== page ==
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I've been doing simple multi-threading in VB.NET for a while, and have just gotten into my first large multi-threaded project. I've always done everything using the Synclock statement because I didn't think there was a better way.

I just learned about the Interlocked Class - it makes it look as though all this:

Private SomeInt as Integer
Private SomeInt_LockObject as New Object

Public Sub IntrementSomeInt
    Synclock SomeInt_LockObject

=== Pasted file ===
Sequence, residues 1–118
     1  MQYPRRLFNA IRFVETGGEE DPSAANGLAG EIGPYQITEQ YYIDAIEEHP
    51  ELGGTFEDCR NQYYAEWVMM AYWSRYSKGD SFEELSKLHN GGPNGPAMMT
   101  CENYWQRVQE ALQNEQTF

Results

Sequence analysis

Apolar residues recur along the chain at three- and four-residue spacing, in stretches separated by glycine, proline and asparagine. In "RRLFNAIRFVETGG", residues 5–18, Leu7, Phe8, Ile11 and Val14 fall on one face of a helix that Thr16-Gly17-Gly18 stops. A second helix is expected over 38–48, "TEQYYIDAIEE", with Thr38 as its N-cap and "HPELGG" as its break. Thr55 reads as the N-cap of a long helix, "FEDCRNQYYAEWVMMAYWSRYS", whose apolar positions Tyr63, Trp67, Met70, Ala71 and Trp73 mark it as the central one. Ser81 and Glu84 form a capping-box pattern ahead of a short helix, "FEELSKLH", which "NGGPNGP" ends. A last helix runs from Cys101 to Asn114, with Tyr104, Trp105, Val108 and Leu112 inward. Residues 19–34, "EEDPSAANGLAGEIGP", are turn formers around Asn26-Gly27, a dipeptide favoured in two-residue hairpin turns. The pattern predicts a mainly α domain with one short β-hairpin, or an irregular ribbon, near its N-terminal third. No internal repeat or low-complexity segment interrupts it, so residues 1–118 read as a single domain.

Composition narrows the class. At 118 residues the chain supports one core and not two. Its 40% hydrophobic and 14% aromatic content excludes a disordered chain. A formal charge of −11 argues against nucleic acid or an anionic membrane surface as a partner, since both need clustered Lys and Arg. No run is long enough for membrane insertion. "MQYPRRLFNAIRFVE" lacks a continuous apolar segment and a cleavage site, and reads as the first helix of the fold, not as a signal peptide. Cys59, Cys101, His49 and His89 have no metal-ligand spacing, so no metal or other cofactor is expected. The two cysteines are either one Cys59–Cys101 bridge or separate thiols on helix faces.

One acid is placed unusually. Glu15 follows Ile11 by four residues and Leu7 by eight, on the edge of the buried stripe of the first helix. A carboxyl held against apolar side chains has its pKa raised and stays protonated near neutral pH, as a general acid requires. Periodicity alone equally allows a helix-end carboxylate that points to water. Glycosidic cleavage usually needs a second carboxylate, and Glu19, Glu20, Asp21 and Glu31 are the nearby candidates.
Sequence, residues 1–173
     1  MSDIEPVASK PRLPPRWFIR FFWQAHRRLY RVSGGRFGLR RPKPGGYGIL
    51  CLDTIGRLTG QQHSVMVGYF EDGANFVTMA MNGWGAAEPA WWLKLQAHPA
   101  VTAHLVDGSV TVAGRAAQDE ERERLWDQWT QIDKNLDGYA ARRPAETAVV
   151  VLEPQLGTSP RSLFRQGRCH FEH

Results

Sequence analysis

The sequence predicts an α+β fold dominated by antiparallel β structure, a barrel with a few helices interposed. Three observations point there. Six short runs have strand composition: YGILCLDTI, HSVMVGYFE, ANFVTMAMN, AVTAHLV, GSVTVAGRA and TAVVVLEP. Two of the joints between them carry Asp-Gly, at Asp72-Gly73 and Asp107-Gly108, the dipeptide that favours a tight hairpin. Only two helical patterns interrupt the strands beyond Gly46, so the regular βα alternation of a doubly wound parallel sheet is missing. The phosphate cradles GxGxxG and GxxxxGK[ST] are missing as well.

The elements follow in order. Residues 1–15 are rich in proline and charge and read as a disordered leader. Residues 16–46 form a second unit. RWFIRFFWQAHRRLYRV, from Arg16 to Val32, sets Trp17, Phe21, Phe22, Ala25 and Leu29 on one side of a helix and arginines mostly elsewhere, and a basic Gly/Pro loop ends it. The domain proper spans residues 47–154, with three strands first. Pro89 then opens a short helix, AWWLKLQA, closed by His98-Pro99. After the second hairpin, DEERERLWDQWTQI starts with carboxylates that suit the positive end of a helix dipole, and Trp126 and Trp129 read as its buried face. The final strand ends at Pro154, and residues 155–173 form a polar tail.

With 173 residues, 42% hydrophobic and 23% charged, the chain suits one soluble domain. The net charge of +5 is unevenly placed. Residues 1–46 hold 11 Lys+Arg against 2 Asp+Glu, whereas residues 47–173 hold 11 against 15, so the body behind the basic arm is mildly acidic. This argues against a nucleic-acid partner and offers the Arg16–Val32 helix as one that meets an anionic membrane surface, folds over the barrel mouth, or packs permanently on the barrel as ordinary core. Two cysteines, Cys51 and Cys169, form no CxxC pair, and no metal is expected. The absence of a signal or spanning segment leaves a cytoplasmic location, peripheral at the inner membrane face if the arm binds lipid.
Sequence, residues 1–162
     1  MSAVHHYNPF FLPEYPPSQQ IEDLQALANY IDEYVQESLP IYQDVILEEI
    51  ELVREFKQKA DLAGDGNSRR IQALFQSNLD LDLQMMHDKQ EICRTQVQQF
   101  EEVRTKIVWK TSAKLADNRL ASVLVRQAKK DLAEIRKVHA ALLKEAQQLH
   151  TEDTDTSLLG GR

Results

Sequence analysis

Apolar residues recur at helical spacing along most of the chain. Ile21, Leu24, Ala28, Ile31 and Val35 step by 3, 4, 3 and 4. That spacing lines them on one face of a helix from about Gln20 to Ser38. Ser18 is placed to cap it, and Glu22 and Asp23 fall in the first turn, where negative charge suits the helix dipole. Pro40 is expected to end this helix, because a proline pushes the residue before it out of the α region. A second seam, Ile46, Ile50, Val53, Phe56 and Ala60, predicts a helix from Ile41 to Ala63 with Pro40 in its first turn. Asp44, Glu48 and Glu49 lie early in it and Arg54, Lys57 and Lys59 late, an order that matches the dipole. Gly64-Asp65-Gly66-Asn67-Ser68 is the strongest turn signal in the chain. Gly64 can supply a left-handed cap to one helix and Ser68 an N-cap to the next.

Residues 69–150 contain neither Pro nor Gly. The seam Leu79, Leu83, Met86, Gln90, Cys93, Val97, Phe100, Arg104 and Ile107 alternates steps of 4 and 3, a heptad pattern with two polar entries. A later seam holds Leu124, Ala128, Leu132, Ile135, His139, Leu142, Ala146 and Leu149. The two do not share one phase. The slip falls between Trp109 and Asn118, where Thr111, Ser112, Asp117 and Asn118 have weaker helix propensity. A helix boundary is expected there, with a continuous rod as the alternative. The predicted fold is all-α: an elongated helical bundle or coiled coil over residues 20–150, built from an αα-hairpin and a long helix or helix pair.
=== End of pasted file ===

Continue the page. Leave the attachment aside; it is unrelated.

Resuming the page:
SomeInt += 1
    End Synclock
End Sub

Can be replaced with a single statement:

Interlocked.Increment(SomeInt)

This handles all the locking internally and modifies the number. This would be much simpler than writing my own locks for simple operations (longer-running or more complicated operations obviously still need their own locking).

Is there a reason why I'd rolling my own locking, using dedicated locking objects, when I can accomplish the same thing using the Interlocked methods?

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up vote 8 down vote accepted

You're correct; Interlocked should be used here, and will be faster than SyncLock.
However, the Interlocked class is not well-known.

However, there are situations where you need to use SyncLock and Interlocked will not help.

share|improve this answer